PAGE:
When whiskers became a growth industry

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The Independent Online

Continuing our season of summer reading stories: today, a yarn entitled "Let It Grow".

There comes a time in every man's life when he starts to wonder if he would look any good in a moustache or beard.

It happened to Sidney Gillingham when he was 26 years old, and starting to get bored with his own face. He looked at it one morning as he was about to shave, and said to himself: What if I didn't shave? What if I grew a handsome, manly beard? This is as far as most people get in the process.

But Sidney, in his mind, then ran over the faces of all his whiskered and bearded friends. There was Freddy, who had a moustache like a nailbrush which made him look like Hitler, though nobody ever mentioned it. There was Tony, who had a mini-Kaiser. (Funny that the German leaders in both world wars had had moustaches. So did Saddam Hussein.) Then there was his granny - no, it was mean to think of his granny, though she did have a perceptible hairline on her upper lip. And there was Geoff, who had a big burly beard which flopped on to his chest...

"How long have you had your beard, Geoff?" he asked him, the next time he saw him.

"Oh, I've had it up to ten inches," said Geoff.

"No, Geoff. When did you first grow it?"

"Ten years ago."

"Funny that I can remember what you really look like, before you grew a beard," said Sidney. "I bet you haven't many friends who can."

"Sidney, Sidney!" said Geoff. "THIS is what I really look like! My beard is the real me! It's people who shave who are unnatural."

Sidney had never thought about that before. He thought about it now and realised it was quite true.

"But how did you know before you grew a beard what it was going to look like?" persisted Sidney.

"My god!" said Geoff. "I see it all now. You're going to grow some whiskers, but you're just too shy to ask for advice! Am I right?"

"I'm thinking about it," admitted Sidney. "I just want to know in advance if I'm going to make a fool of myself."

"Yes, you are. We all do, for the first five weeks at least."

Later, Sidney caught sight of his face in the mirror. He put two fingers along his upper lip to make it look as if he had a moustache. But he merely looked like a man who was putting two fingers along his upper lip...

Later still, Sidney came across his passport, lying on his desk. He casually opened it to look at his photo. He thought about casually drawing a moustache on the photo to see how he would look. He thought better of it, but casually he went to get a piece of black card, and a pair of scissors, and casually cut out a moustache shape and laid it on top of his photo.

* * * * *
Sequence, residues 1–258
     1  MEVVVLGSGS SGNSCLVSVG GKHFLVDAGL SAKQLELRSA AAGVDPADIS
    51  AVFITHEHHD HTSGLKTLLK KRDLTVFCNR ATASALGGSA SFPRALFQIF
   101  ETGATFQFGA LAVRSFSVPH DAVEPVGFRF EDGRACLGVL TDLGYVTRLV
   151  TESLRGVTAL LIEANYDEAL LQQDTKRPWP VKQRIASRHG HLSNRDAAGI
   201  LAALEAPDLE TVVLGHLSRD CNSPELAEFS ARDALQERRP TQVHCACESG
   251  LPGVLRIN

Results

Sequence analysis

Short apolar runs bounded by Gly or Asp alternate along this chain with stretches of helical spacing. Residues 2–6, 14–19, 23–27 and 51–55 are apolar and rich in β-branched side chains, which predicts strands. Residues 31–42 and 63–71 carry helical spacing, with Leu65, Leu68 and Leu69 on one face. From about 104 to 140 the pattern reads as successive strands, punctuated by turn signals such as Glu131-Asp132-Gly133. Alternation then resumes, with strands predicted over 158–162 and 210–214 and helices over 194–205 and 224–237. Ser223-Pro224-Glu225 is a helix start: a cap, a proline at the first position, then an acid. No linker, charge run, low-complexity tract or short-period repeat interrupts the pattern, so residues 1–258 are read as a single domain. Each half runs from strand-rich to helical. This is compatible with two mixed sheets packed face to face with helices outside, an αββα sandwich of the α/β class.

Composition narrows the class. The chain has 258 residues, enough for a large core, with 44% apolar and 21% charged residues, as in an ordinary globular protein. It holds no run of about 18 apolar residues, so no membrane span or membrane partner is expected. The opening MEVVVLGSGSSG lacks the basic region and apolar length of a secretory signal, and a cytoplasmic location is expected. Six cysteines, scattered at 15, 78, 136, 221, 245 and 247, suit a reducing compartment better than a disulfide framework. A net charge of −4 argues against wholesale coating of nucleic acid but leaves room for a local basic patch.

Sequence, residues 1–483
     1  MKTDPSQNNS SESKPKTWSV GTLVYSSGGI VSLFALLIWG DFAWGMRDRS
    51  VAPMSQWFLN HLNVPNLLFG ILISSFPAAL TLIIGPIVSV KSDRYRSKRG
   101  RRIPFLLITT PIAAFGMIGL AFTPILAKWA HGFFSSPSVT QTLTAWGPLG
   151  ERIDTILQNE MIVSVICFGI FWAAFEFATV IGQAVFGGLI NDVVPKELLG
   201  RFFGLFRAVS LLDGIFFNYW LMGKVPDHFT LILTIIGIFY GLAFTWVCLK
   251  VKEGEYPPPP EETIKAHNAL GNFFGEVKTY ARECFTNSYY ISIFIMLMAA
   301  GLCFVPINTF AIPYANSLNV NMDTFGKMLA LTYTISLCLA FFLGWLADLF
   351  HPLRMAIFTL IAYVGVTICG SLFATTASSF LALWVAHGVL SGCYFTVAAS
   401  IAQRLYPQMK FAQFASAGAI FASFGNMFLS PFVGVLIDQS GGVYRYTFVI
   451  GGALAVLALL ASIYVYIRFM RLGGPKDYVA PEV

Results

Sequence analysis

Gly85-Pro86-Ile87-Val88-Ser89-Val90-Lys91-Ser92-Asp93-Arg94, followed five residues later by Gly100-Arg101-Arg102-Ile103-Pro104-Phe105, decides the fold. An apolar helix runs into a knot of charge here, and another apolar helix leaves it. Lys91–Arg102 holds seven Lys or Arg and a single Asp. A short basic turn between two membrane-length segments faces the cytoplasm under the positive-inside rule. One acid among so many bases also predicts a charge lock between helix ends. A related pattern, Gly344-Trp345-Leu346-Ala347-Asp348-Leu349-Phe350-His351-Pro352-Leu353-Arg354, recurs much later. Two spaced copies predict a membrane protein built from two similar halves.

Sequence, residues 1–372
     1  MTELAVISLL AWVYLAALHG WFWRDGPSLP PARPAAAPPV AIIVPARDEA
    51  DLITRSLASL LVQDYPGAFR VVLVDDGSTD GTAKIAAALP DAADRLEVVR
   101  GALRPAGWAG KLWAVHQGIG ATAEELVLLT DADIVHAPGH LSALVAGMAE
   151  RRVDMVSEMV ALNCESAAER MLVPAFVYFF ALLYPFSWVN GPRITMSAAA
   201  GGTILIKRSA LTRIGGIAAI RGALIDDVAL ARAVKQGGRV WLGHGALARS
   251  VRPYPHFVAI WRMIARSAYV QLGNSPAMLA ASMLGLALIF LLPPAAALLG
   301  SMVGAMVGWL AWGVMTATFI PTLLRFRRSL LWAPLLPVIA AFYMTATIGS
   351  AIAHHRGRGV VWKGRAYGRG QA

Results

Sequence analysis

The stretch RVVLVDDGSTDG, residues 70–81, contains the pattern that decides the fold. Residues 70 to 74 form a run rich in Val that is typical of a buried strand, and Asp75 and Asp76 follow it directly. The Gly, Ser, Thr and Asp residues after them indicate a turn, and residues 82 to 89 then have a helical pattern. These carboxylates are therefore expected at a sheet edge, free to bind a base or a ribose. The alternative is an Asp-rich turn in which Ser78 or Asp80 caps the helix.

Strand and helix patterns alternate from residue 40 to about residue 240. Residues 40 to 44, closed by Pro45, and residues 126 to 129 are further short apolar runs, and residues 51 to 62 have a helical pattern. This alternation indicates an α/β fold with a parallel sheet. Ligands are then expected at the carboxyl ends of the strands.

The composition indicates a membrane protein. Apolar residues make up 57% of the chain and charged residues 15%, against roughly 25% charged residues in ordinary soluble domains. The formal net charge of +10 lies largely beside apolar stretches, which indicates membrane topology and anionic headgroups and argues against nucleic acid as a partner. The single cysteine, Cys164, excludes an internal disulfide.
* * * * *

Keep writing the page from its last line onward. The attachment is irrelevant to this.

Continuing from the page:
It made him look like a gay cowboy. He took the moustache off his photo.

That was funny. He didn't look like a cowboy, whether straight or otherwise, without the moustache.

He put the moustache back on again.

He looked like a gay cowboy again. He put the moustache on upside down. Now he looked like a mad Victorian vicar. This was fun!

An hour later, his passport was surrounded by dozens of little black beard and moustache shapes.

"What on earth are you doing?" said his wife Emma, when she came in and saw him.

He explained.

"I think I'd look quite good as Salvador Dali," he said.

"Hmmm," said Emma, doubtfully.

"You don't think I'd look good in a moustache?" he said anxiously.

"It's not that," she said. "I just don't think you get a very good idea of how a moustache would look on your face if you shove bits of black paper around on a photo. Look, why don't you get a piece of cellophane and stick the moustaches on to it, then..."

Soon they had the moustaches all laid out on the transparent sheet, in a neat pattern, ready for superimposition on the photo. Then they laid them across the photo, one at a time, so that they could transform him immediately.

"Look," said Emma, who was a publisher. "I've an idea..."

Nine months later, Sidney Gillingham's new book, How Would You Look With Whiskers?, complete with cellophane inlays and every kind of moustache imaginable, was the cult bestseller of the season. It was closely followed by a book for women called Could You Handle Curls?

The funny thing was that Sidney never did get to grow a moustache.

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